Forty freshly extracted upper molars free from caries, attrition, cracks and fractures were selected and mounted in epoxy blocks. A putty index was made before teeth reduction to be used as a reference and was cut bucco-lingually.
All teeth were prepared by NOUVAG AF 30 milling machine, using the same tapered stone to standardize a uniform preparation for all teeth. Diameter of the tapered stone was checked by a digital caliper (2mm) to control finish line thickness during reduction. A circular deep chamfer finish line of a width 1.0 mm was made. Walls were prepared with a taper of 10o following the manufacturer’s instructions and uniform axial reduction of 1.5 mm. Uniform anatomical occlusal anatomical reduction of 2.0 mm was made (Figure 1).
Teeth were randomly allocated into two groups according to the type of restoration received. Group A: n= 20 where Teeth are restored by ZirCAD veneered by e.max CAD and Group B: n=20 where Teeth are restored by PEEK BioHPP veneered by HIPC.
For the zirconia group teeth were scanned by CEREC Omnicam intra oral scanner and CEREC software 4.4 was used to design IPS e.max CAD-on restorations. Minimum thickness for ZirCAD is 0.5 mm and for e.max CAD is 0.7 mm, and a spacer of 120µ between the framework and the prepared tooth.
The IPS ZirCAD block (size C15, shade MO1) and IPS e.max CAD blocks (size 14, shade A2) were milled using a 4 axis milling machine in accordance with the approved design. Sintering of zirconia frameworks was done in Sirona infire HTC speed furnace, accompanied by average 25% shrinkage which is accurately compensated for in the milling process. IPS e.max ZirCAD framework and the IPS e.max CAD veneering structure were fused together using IPS e.max Crystall./ Connect low fusing special glass.
Ivoclar Vivadent Programat P510 was used fo Fusion/Crystallization firing in the IPS e.max CAD-on technique. The sintering temperature of IPS e.max CAD Crystall. /Connect fusion glass ceramic has been adjusted to the crystallization temperature of IPS e.max CAD so that the fusion process and the crystallization of IPS e.max CAD can be conducted in one firing cycle.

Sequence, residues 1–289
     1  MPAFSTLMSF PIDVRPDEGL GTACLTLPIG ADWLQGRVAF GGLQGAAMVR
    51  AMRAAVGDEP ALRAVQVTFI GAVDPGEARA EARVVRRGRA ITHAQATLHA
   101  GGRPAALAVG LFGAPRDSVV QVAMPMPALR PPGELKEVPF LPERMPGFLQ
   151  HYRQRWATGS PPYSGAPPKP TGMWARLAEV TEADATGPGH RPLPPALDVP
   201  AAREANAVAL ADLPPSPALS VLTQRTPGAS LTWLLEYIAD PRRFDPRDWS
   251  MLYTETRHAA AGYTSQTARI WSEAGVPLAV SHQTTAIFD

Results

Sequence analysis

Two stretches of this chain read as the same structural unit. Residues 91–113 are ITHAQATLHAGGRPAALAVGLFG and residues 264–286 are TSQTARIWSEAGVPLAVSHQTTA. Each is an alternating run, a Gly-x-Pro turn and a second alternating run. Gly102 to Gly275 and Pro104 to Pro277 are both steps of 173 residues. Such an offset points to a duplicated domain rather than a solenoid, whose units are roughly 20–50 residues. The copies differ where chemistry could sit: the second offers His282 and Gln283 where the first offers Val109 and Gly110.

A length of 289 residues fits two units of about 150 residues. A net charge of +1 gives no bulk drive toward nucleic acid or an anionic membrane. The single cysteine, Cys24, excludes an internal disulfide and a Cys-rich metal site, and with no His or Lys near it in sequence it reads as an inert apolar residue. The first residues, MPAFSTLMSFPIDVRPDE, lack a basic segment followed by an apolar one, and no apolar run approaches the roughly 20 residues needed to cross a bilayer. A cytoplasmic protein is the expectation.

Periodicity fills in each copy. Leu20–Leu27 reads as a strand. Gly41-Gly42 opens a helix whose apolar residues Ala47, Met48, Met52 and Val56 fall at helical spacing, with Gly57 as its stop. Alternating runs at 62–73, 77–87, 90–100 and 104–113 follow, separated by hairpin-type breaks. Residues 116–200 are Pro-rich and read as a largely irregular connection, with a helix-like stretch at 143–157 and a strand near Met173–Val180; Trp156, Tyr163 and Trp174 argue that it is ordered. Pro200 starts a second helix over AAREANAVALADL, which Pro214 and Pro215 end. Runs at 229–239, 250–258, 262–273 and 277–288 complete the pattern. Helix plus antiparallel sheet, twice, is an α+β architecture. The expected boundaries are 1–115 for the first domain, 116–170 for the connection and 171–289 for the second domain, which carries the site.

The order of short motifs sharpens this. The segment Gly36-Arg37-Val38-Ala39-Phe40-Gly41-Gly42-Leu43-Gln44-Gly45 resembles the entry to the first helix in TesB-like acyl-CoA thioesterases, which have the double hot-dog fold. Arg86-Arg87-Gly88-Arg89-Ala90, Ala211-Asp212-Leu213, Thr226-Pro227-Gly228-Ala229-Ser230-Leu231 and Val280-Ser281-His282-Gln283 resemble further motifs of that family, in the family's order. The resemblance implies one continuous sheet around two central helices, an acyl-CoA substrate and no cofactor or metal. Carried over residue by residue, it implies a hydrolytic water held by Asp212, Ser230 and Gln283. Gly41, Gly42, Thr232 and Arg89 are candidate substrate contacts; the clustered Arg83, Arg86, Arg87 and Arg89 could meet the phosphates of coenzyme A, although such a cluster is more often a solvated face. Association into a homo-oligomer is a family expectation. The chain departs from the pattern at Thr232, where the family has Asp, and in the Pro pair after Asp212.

For the PEEK group, teeth were scanned by SHERA eco-scan 3 extra-oral scanner and Designing was done by Dental wings DWOS CAD/CAM Software. The material thickness was standardized according to the recommended values which are 0.7 mm PEEK and. 0.7 mm HIPC, and a spacer of 120µ between the framework and the prepared tooth.
The breCAM.BioHPP blank (98.5 mm diameter and 12 mm fold) and breCAM.HIPC blank (98.4 mm diameter and 16 mm fold) (Shade A3) were milled using SHERA eco-mill 50 4-axis milling machine. Frameworks and veneers were air abraded with 110 μm Al2O3 powder at 2.5 bar and conditioned using visio.link, and light cured using bre lux Power light curing Unit (intensity: 220 mW/cm2 for 90 seconds) Veneers were cemented to frameworks using combo.lign resin cement, using cementing device, a uniform load of 5 kg (49 N) for 10 minutes according to the ADA specification #96. All crowns were air abraded at their fitting surface and zirconia was conditioned with Z-PRIME Plus and PEEK with Visio.link. and all crowns were cemented with Duo-link resin cement. (figure 2)
Thermo-Mechanical aging was performed using ROBOTA chewing simulator, A weight of 5 kg, which is comparable to 49 N of chewing force was exerted. The test was repeated 75000 times to clinically simulate the 6 months chewing condition. A stereomicroscope Leica S8 APO at magnification 32X used to determine the vertical marginal gap (figure 3) . A previously marked 5 points on each aspect of each crown are measured (with total 20 points). These measurements were taken before and after thermo-mechanical cycling.
Figure 1. Teeth preparation.
Figure 2. Cementation of final restorations
Figure 3. Leica Application suite (LAS) Version 4.0 software.
Data were presented as mean, standard deviation (SD) for values. Data were explored for normality by checking the data distribution and using Kolmogorov-Smirnov and Shapiro-Wilk tests. Mann-Whitney test and ANOVA were used to study the effect of material and aging on mean values. The significance level was set at P = 0.05 and 95% Confidence interval. Statistical analysis was performed using Graph Pad Instat (Graph Pad, Inc.) software for windows. And results were described in tables 1,2 and 3 and Figure 4
Table 1. Marginal gap results (Mean values± SDs) as function of group type and thermo-mechanical cycling (µm).
Table 2. Comparison between marginal gap results (Mean values± SDs) as function of group type and thermo-mechanical cycling (µm).
able 3. Comparison of total marginal gap results (Mean values± SDs) as function of material group (µm).
Figure 4. Box plot of marginal gap mean values for both groups before and after thermo-mechanical cycling (µm).